The Lovelace Foundation owed its existence to Randolph Lovelace I, and was responsible for a clinic and hospital (the Bataan Memorial Hospital) in Albuquerque, New Mexico. By the beginning of the 1950s the Lovelace Clinic was a major contractor to the United States government in the field of research into the biological effects of nuclear weapons.
Solly Zuckerman's association with the Lovelace Foundation for Medical Education and Research dates back to 1951, when he was asked by the Air Ministry's Flying Personnel Research Committee (FPRC), on behalf of Dr W. Randolph Lovelace, Chairman of the [U.S.] Armed Forces Medical Policy Council, to go over to America and advise them on problems of blast effects, which have been given top priority by the Department of Defence [sic].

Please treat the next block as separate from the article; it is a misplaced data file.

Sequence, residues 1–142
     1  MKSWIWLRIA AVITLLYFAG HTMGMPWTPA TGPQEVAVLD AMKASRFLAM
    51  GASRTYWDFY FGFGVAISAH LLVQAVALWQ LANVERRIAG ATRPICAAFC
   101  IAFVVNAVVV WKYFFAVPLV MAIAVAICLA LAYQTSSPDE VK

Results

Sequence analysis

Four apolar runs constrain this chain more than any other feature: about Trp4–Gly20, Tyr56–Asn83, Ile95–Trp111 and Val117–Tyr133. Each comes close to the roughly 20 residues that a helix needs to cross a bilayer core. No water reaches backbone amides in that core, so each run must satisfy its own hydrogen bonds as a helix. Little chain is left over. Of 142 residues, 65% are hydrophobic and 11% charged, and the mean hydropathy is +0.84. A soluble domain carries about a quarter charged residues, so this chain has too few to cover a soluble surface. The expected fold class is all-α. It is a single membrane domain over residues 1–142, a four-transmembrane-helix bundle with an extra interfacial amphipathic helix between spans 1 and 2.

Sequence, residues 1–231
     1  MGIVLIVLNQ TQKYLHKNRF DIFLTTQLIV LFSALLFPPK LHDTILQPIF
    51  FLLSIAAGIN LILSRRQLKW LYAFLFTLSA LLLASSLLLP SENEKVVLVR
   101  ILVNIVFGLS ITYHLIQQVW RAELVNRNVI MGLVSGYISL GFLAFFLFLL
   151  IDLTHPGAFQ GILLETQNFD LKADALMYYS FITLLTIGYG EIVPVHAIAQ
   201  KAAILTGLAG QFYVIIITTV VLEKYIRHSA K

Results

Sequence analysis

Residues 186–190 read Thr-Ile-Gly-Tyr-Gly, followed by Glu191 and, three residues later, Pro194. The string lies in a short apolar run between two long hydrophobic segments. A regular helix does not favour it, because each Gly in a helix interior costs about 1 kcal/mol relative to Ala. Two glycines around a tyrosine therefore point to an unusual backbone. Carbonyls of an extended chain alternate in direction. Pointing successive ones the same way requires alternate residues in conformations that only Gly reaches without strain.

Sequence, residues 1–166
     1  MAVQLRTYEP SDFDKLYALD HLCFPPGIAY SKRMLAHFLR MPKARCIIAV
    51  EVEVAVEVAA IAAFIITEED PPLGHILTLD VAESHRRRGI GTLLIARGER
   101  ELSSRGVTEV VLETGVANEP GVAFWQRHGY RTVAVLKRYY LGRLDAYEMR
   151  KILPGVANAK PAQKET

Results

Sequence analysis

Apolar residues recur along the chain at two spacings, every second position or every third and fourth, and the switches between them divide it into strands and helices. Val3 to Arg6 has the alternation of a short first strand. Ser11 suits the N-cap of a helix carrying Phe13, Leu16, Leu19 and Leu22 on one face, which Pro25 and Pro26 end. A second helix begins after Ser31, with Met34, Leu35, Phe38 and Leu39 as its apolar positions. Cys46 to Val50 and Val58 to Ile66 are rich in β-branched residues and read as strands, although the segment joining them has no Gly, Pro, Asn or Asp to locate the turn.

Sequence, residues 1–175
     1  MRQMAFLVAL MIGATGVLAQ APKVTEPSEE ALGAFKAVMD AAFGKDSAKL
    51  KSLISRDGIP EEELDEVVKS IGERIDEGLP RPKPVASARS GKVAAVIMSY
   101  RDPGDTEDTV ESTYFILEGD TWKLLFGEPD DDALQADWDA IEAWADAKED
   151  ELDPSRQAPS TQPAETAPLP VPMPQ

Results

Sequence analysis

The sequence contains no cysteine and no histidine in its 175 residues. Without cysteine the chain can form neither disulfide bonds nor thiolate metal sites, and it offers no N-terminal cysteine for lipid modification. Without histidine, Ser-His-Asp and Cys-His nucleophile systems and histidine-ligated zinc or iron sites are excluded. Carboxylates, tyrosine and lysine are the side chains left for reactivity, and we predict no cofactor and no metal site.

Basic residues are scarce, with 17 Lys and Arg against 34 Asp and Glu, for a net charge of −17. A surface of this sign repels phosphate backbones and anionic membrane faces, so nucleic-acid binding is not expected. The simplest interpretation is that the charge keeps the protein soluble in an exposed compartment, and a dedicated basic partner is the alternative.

The Clinic's Director of Research was Dr Clayton S. (Sam) White and much of the correspondence in File SZ/LF/1 is with him and Randolph (Randy) Lovelace II. The first sub-file of correspondence, covering 1951-1962, deals almost exclusively with the collaborative work that Zuckerman and his colleagues at Birmingham University carried out with the Lovelace Foundation and other American agencies, in particular the Sandia Laboratories at Los Alamos. The second deals with Zuckerman's appointment as a Trustee of the Foundation in 1972, the business of the Board of Trustees, and his visits to Albuquerque. There are also references to arrangements for Zuckerman to deliver the William Randolph Lovelace II Memorial Lecture, entilted Pride and prejudice in science, in 1974.
File SZ/LF/2 consists of reports from a variety of sources on blast, wound ballistics, and casualties from nuclear explosions.
There is some complementarity with Series SZ/BUF.